(Even if I weren't, I would still not use any of my personal accounts, worktime is for work)
 

AnimeMania

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If I was in IT, I would be most worried about people plugging unknown USB storage devices into their workplace computers.
Can IT remotely turn on your webcams to do a little secret spying, don't use your cell phone while in the bathroom.
it would be good to know what rights workers have here that companies are not allowed to violate.
 

ekidhardt

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I've worked in IT for 20 years for a variety of companies, from small to large corporate environments.

And in that time, I've never been requested to spy on any employee ever. If an IT guy is asked to do that, there is something fishy going on, maybe something illegal (that the employee is doing).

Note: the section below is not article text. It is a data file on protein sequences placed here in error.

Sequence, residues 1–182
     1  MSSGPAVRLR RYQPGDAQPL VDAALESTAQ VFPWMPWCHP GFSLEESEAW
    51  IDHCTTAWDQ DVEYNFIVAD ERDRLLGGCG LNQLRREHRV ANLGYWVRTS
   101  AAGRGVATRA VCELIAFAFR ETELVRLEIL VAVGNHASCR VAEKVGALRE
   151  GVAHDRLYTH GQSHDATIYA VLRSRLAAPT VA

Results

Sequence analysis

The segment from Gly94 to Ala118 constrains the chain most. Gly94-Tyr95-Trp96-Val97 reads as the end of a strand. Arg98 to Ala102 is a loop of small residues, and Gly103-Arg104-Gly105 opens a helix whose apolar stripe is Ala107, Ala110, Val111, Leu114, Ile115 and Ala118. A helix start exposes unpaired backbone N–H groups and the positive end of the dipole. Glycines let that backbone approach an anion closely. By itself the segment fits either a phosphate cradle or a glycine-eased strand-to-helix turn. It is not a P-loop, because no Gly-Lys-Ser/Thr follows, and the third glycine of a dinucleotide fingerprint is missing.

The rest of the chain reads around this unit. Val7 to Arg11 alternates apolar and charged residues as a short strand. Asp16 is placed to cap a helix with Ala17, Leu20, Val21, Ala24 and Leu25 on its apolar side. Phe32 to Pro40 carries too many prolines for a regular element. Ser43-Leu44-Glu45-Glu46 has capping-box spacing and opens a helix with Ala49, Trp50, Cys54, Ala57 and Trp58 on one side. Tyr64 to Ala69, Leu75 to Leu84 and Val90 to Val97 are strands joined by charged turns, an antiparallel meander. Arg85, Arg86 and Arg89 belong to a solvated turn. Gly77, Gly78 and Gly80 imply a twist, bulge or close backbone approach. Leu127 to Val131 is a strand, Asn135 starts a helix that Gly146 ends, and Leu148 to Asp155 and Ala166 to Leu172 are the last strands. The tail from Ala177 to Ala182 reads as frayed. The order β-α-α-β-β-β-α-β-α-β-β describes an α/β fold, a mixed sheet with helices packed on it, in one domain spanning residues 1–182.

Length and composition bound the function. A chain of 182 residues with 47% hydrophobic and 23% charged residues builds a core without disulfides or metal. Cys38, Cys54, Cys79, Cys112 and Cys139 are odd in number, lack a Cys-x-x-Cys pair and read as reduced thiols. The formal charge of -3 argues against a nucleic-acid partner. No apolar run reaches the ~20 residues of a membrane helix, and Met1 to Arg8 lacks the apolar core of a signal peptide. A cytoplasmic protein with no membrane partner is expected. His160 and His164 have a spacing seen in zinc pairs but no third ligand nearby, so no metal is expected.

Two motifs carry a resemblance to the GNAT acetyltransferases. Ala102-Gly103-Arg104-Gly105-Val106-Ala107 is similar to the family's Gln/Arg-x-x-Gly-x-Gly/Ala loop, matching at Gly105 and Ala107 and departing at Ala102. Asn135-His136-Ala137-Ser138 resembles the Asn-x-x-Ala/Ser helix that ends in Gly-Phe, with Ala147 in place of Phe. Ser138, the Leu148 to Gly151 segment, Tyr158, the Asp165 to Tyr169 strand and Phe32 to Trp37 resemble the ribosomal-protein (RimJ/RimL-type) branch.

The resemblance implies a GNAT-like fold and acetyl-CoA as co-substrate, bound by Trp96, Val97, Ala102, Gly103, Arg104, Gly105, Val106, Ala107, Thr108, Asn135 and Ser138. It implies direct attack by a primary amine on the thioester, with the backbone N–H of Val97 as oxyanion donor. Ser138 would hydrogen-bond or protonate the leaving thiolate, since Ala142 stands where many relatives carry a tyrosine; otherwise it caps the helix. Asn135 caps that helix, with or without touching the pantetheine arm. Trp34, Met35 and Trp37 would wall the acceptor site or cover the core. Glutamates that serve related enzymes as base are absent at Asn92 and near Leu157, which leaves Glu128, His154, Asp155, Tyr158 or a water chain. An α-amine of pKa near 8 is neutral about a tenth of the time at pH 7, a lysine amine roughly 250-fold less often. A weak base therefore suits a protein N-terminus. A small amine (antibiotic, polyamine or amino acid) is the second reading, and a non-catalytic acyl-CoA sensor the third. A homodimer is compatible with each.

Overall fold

BUT--as anyone with admin power knows, they can record, find, and do anything they want. I can see any web site they visit, completely monitor every single email, see every printed document--basically anything. And if for whatever reason me, or any IT staff wanted to, we could monitor keystrokes or take screen shots or install monitoring software.

This includes any data or activities on company provided cell phones.

There's nothing that an employee does at work that can't be found out by the IT guy. That's just the reality of it.